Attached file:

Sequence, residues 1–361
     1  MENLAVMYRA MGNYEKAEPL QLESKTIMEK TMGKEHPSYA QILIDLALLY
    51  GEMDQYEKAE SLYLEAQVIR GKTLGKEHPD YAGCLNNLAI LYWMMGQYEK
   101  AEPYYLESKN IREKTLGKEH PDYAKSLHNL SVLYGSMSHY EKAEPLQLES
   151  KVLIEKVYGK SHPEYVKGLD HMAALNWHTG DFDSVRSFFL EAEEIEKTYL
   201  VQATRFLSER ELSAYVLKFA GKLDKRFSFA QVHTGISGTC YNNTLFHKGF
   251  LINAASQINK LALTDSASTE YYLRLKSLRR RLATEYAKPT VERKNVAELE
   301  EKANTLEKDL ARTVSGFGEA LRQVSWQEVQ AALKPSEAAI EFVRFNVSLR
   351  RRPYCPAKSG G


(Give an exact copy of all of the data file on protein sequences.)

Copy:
Sequence, residues 1–361
     1  MENLAVMYRA MGNYEKAEPL QLESKTIMEK TMGKEHPSYA QILIDLALLY
    51  GEMDQYEKAE SLYLEAQVIR GKTLGKEHPD YAGCLNNLAI LYWMMGQYEK
   101  AEPYYLESKN IREKTLGKEH PDYAKSLHNL SVLYGSMSHY EKAEPLQLES
   151  KVLIEKVYGK SHPEYVKGLD HMAALNWHTG DFDSVRSFFL EAEEIEKTYL
   201  VQATRFLSER ELSAYVLKFA GKLDKRFSFA QVHTGISGTC YNNTLFHKGF
   251  LINAASQINK LALTDSASTE YYLRLKSLRR RLATEYAKPT VERKNVAELE
   301  EKANTLEKDL ARTVSGFGEA LRQVSWQEVQ AALKPSEAAI EFVRFNVSLR
   351  RRPYCPAKSG G